Piranesi celebrations at the BSR: Digital Highlights, Lectures and Mostra

During Spring and Summer 2021, the BSR took part in commemorations of the 300th anniversary of the birth of Giovanni Battista Piranesi.

The outcomes of recent research projects were presented via a new Highlight on the BSR Digital Collections website, featuring a complete digital version of the BSR Library’s copy of Piranesi’s Il Campo Marzio dell’Antica Roma, a conservation report and a research essay by BSR Research Fellow Clare Hornsby.

A lecture by Clare Hornsby on the Campo Marzio was broadcast in the BSR Online Lectures series and the BSR co-hosted the Piranesi@300 international conference in partnership with the Centro di Studi sulla Cultura e l’Immagine di Roma, the Biblioteca Nazionale Centrale di Roma and the Académie de France Villa Médicis.

Clare Hornsby and Caroline Barron, ancient historian and Leverhulme Early Career Fellow at Birkbeck College, University of London, also curated a selection of works based around the Campo Marzio, which was displayed at the BSR in July.

The selection showed some etchings from the main Piranesian print series — the Vedute and the Antichità Romane — especially focussing in the latter case on images with interesting epigraphic content, considering issues such as the invasion of Piranesi’s visual field with text, both ancient inscriptions and his own descriptive captions and interventions. Apart from the Campo Marzio volume, two others in the BSR rare books collection were featured — Antichità di Cora (yet to be restored) and the Magnificenza.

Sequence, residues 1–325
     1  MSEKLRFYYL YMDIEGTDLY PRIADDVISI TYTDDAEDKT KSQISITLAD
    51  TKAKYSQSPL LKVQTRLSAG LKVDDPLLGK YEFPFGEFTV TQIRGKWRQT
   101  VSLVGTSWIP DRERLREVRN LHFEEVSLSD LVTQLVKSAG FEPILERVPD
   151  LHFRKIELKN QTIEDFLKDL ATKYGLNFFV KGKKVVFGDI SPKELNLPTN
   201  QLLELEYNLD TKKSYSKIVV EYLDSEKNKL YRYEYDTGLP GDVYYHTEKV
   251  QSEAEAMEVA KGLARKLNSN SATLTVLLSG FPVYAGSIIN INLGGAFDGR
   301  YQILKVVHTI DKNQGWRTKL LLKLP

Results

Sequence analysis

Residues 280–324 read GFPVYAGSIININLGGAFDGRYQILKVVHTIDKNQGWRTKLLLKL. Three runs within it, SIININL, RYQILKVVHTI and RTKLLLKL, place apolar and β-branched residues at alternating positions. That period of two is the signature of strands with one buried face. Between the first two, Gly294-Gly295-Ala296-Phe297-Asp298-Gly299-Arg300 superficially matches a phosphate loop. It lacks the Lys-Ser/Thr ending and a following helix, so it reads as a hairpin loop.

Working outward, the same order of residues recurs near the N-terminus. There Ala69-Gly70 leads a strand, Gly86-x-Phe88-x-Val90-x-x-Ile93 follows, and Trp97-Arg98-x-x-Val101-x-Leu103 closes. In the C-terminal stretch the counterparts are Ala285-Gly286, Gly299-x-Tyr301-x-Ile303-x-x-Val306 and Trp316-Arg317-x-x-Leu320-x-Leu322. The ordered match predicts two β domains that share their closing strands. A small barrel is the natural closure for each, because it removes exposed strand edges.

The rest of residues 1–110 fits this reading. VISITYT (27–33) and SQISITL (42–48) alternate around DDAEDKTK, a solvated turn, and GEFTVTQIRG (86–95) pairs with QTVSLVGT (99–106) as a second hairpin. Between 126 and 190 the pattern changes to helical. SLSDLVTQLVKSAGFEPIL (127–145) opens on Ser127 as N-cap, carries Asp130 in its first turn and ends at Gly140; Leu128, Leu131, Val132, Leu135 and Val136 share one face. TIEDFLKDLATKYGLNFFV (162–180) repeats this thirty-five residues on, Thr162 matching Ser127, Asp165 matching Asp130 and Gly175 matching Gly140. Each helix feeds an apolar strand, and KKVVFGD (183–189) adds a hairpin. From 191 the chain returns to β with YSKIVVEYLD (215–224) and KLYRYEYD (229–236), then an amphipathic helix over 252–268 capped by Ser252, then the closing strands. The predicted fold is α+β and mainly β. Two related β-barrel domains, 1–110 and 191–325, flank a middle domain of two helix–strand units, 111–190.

The display marked the launch of a long-term collaborative project between Clare Hornsby and Caroline Barron, through which an online catalogue entry will be created for each of the 139 loose prints from the BSR collection. The prints, which were initially restored and mounted 20 years ago, will be scanned to a very high quality and given a full bibliographic record. The catalogue entries, which will eventually include the other books, will form part of the BSR Digital Collections website. The project will be disseminated via a programme of small exhibitions at the BSR annually over the next 4-5 years.

The project would not have been possible without the enthusiasm and support of Valerie Scott, Librarian of the BSR, who will retire this summer, and with the kind permission of the BSR Director, Chris Wickham.

Clare Hornsby’s lecture on ‘Piranesi at the BSR: Thomas Ashby’s curious Campo Marzio‘ can be viewed on the BSR YouTube channel as well as Day 2 of the Piranesi@300 Conference, hosted by the BSR.

Explore the new Piranesi Highlight on the BSR Digital Collections website.